Arguably the most dangerous stage of a space flight is the reentry into the Earth's atmosphere. The process is so harsh that space agencies involved in the International Space Station (ISS) use it to destroy the resupply capsules completely. They are steered into the incorrect angle, and they burn up and disintegrate. The space shuttles and Soyuz capsules are the most advanced things we have in this regard. The NASA vehicle is protected by a large number of ceramic tiles, which offer as much protection as possible against the fierce temperatures that are generated by the spacecraft's impressive speed when it enters the atmosphere.
However, at this point, efforts are being conducted to produce a completely new generation of heat shields, one that does not rely on direct protection, but rather on deflecting the super-hot plasma that is formed beneath spacecraft as they pass through the upper atmosphere. A number of space agencies in European countries, together with EADS Astrium, and the German aerospace center, DLR (Deutschen Zentrums for Luft- und Raumfahrt), are currently working on an approach that makes use of superconducting magnets. The goal is to create such powerful magnetic fields, that the plasma around the ship would essentially not be allowed to touch its hull, PhysOrg
The new technology, if successfully developed, could see future spacecraft being made lighter by the magnetic fields, as the need for other protective coatings would disappear. The European Space Agency (ESA) plans to test the new designs by retrofitting them on a test module attached to a missile, to be launched from aboard a submarine into the upper atmosphere. The approach calls for a superconducting coil to be placed at the front of the ship. It would create a magnetic field that would extend beyond the tip of the ship, essentially ensuring that all heat is dissipated. At this point, the group is testing the performances of the superconducting coils, and has not established all other technical details.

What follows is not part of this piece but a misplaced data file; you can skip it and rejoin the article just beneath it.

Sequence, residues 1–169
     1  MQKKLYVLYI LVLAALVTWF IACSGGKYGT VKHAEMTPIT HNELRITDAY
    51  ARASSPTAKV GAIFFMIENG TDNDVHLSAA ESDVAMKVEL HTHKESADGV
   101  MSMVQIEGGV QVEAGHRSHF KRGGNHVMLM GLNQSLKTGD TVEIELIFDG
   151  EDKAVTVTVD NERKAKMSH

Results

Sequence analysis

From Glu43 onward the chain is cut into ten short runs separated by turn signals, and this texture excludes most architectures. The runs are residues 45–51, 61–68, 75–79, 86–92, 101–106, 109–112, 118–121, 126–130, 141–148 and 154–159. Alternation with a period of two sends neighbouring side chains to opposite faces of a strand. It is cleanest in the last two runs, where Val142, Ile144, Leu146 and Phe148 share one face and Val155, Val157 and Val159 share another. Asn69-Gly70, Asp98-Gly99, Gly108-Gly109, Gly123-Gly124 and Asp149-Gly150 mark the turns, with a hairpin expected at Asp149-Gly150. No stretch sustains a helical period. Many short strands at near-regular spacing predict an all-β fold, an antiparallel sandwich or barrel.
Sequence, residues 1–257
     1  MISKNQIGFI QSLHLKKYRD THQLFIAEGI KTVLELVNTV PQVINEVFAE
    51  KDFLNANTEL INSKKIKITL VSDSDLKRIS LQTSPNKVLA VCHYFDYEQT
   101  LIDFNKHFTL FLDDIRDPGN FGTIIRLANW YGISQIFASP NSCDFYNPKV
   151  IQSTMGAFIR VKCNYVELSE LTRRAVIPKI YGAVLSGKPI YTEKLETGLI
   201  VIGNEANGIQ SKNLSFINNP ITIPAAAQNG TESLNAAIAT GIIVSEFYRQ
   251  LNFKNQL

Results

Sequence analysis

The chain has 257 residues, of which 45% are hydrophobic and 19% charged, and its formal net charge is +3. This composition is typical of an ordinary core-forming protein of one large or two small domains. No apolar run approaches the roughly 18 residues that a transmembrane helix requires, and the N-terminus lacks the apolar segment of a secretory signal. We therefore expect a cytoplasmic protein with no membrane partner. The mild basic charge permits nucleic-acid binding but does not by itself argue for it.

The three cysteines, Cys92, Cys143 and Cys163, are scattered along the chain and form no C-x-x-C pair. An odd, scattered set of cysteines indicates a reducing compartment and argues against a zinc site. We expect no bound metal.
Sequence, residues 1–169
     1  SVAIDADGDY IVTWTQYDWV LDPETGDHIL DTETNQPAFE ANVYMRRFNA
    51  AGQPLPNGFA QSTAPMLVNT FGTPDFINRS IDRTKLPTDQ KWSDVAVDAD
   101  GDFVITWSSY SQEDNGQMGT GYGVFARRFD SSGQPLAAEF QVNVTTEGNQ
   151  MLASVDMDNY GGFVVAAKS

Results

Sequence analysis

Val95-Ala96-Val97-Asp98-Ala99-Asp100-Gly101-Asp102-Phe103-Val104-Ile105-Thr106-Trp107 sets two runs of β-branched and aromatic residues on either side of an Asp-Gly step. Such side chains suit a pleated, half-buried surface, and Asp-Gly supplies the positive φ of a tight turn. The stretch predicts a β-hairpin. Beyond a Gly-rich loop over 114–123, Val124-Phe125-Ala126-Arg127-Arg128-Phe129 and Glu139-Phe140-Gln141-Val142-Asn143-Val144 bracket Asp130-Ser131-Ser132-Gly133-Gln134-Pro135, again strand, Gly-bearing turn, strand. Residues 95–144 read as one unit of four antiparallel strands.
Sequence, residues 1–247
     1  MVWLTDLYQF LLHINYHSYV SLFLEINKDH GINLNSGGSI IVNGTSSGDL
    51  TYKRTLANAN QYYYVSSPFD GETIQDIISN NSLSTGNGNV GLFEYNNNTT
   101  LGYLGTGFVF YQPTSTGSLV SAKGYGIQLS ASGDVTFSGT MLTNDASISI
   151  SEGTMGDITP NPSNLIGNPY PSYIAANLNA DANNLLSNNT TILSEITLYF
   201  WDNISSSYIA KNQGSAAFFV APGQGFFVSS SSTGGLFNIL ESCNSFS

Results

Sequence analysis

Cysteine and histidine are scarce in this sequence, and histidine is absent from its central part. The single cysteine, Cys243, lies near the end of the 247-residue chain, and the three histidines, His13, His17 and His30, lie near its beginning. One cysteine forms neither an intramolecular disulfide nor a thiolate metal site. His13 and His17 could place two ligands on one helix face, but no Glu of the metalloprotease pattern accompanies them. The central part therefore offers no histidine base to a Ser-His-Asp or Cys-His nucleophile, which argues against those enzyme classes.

Still, the consortium has announced that it plans to outfit the device to a Russian “Volan” escape capsule when the project is completed. The main issue related to this approach is the fact that the plasma that will form underneath the descending space capsule will block radio signals and telemetry readings, which are vital during descent. Additionally, experts are still unsure how trajectory calculations will need to be modified in order to compensate for the amount of air displaced through the new method.